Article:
• However, the global trade outlook remains mixed despite recent deals between the U.S. and South Korea as well as with Mexico and Canada. The trade dispute between the U.S. and China remains ongoing and perhaps has escalated.
  • Oil prices have risen as global supply tightens and the Iran sanctions will soon take effect. Higher commodity prices accompanying strong U.S. labor market conditions may buoy headline inflation, which will be closely monitored in conjunction with the growth outlook by both central banks and by rates markets.
  • The outlook for interest rates and the relative strength of the U.S. dollar is therefore mixed, which could be an important factor in the performance of international and especially emerging-market equity assets. But the business cycle remains generally solid, central banks remain accommodative despite Fed tightening and Chinese policy easing may further support global growth in coming quarters, resulting in a broadly positive outlook for risk assets barring a negative growth shock.

The opinions expressed are those of the Fund’s managers for Class I shares and are not meant as investment advice or to predict or project the future performance of any investment product. The opinions are current through Sept. 30, 2018, are subject to change at any time based on market and other current conditions, and no forecasts can be guaranteed. This commentary is being provided as a general source of information and is not intended as a recommendation to purchase, sell, or hold any specific security or to engage in any investment strategy. Investment decisions should always be made based on an investor’s specific objectives, financial needs, risk tolerance and time horizon. Past performance is not a guarantee of future results.

Effective July 31, 2018, the Fund may invest its assets in three additional underlying funds with the following target allocation ranges: Ivy IG International Small Cap Fund 0-60%, Ivy Global Equity Income Fund 0-60% and Ivy Pzena International Value Fund 0-60%.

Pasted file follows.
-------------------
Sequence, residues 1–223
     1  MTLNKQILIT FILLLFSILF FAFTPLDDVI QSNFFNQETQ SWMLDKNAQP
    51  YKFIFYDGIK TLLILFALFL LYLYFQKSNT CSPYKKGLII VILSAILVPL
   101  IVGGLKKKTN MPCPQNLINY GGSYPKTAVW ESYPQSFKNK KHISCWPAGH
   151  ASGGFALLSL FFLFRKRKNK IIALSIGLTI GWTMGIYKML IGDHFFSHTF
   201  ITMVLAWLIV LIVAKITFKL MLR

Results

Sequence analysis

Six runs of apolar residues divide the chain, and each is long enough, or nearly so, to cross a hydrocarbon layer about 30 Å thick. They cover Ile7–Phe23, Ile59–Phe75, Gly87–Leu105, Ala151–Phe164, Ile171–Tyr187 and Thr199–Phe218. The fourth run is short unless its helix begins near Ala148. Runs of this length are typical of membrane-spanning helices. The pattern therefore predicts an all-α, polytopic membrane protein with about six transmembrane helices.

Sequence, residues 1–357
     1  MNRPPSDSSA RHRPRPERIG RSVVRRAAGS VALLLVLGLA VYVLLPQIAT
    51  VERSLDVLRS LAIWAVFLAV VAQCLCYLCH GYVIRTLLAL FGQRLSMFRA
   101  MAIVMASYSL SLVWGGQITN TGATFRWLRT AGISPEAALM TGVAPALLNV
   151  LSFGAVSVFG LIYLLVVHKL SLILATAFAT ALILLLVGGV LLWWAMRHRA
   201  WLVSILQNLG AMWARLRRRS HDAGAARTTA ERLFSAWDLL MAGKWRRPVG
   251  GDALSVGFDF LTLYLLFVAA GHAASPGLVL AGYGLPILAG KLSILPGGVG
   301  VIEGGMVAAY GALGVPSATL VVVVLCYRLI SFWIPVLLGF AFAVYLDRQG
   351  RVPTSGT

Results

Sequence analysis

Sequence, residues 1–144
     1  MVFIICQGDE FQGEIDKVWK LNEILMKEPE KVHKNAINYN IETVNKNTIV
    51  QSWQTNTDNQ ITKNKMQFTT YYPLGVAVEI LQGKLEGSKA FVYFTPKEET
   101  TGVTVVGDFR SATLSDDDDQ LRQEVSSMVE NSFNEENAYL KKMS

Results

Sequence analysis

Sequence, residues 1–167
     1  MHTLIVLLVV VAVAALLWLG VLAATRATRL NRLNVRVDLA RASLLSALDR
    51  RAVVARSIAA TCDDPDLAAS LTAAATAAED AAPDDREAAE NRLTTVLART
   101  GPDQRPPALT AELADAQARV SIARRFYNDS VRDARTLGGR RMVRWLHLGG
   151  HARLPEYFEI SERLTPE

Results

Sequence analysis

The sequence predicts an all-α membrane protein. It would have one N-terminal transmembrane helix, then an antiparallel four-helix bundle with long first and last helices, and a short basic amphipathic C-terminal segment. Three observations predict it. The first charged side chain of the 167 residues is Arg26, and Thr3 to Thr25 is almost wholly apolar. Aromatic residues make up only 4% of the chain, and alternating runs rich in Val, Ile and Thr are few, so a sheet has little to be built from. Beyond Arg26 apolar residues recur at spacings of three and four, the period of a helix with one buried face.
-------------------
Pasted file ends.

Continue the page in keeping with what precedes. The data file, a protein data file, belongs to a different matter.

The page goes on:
Risk factors: The value of the Fund's shares will change, and you could lose money on your investment. International investing involves additional risks including currency fluctuations, political or economic conditions affecting the foreign country, and differences in accounting standards and foreign regulations. These risks are magnified in emerging markets. Fixed-income securities are subject to interest rate risk and, as such, the net asset value of the Fund may fall as interest rates rise. Investing in high-income securities may carry a greater risk of nonpayment of interest or principal than higher-rated bonds. Dividend-paying investments may not experience the same price appreciation as non-dividend paying instruments. Dividend-paying companies may choose to not pay a dividend or the dividend may be less than expected. Investing in small-cap stocks may carry more risk than investing in stocks of larger more well-established companies. The value of a security believed by the Fund’s manager to be undervalued may never reach what the manager believes to be its full value, or such security’s value may decrease. The performance of the Fund will depend on the success of the allocations among the chosen underlying funds. Investing in a single region involves greater risk and potential reward than investing in a more diversified fund. These and other risks are more fully described in the fund's prospectus. Not all funds or fund classes may be offered at all broker/ dealers.